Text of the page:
After community manager Ronnie Singh released a series of screenshot teasers about the mode last week (see below), today Association mode guru/producer Erick Boenisch posted the hard details about how 2K Sports is re-inventing the mode.
Much like EA Sport's Be A Pro mode in the stellar NHL series, this year you skip the boring summer league procession of meaningless games in favor of a rookie showcase. Once you show the GMs what you can do on the court, you attend a series of pre-draft interviews where the GMs ask you questions to get a feel for your personality and contemplate how you would fit into their team dynamic. The example Boenisch used was the Chicago Bulls talking to a point guard recruit. Knowing they have all-world phenom Derrick Rose running the point, they aren't going to expect you to come in and be the starting point guard. Rather, they'll ask you if you would be comfortable giving the team some energy coming off the bench. How you answer these questions will help determine your fate; if you're vehemently opposed to taking a supporting role and say so, you may get a negative rep of being difficult to work with and watch your draft stock slip.
Once you get through the interviews, you can check out what the press is saying about you in a mock draft. Then on the big day, you'll shake hands with NBA commissioner David Stern when your name gets called (provided you don't drop into the second round).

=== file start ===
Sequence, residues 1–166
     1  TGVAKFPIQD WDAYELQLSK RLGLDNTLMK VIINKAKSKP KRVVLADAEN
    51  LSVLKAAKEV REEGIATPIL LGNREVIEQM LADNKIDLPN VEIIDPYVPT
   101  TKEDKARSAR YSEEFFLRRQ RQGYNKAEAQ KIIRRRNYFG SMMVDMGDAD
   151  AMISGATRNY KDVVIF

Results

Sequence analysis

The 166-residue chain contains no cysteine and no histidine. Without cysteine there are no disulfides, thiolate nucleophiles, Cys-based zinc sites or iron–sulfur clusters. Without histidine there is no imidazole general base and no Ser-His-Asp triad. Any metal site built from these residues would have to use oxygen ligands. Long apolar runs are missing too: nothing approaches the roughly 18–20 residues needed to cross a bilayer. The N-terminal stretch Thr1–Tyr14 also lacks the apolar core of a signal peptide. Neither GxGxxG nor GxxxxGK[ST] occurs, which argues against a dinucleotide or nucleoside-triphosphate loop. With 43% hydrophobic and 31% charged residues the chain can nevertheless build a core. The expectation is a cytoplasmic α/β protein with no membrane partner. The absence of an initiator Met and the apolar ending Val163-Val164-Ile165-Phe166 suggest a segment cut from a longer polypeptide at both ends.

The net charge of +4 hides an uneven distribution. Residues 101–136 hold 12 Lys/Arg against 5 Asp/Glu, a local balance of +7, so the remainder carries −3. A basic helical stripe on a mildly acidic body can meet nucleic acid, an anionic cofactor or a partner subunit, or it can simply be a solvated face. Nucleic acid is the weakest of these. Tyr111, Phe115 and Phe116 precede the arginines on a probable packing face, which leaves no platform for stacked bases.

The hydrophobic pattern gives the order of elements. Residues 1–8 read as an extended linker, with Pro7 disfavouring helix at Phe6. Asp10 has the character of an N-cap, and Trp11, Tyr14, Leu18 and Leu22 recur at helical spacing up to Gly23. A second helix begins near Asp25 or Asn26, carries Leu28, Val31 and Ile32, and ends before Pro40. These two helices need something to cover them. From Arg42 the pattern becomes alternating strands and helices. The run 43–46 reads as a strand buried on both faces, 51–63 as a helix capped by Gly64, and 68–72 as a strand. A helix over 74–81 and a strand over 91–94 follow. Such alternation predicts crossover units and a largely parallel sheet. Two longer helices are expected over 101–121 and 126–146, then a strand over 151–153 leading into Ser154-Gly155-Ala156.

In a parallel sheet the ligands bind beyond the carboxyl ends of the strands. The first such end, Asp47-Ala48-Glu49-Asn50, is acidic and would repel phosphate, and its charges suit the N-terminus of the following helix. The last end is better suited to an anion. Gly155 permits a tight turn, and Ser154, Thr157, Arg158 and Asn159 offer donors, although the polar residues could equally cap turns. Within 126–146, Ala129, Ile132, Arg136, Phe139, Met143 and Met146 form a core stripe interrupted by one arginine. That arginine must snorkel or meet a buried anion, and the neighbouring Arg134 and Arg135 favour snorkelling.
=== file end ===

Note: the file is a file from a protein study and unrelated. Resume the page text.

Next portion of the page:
Players will also have much more say when their rookie contract is up and it's time to get a big payday. During this courtship teams interested in your talents will open negotiations with you – you can either sign on the dotted line, keep negotiating for a sweeter deal, or turn down teams you're not interested in seriously entertaining. Be careful when demanding more money though, because if you're too stubborn teams may decide to walk away. Once you're bringing in the dough, it's up to you to decide how to spend it. Like any good businessman, your best option is to reinvest it into your career. You can buy new skill points, increase attribute caps, acquire signature animations normally reserved for other stars, or even work at youth basketball clinics to build your fan base.
If you hone your skills to the point where you're starting on all-star rosters, winning scoring titles, and bringing home championships, you may have a shot at entering the pro basketball hall of fame. Each player position has 15 requirements for making the hall of fame, and to earn your place amongst the greats you need to meet 10 of them over the course of your career. This is quite a nice capstone to the end of a career, and gives you something to strive for. If you make the grade, you are rewarded with the ability to craft your own acceptance speech, a great touch that shows just how deep Visual Concepts is going this year.
Other new features include the ability to skip forward in your career to key games, more player endorsement options, a new upgrade system, dynamic in-game goals, more diverse training drills, more press conference options, a player buzz rating, and, best of all, a higher starting rating that doesn't leave you ill equipped to guard average NBA players. If you want to read more about these features, check out the Facebook post.
In all, the amount of changes being introduced into this under-served mode is impressive. I love a lot of ideas at play here, and hope that the grading and upgrade systems at the heart of the experience can stand tall enough that the mode becomes a destination alongside the best-in-class Association mode.
What do you think of the new changes?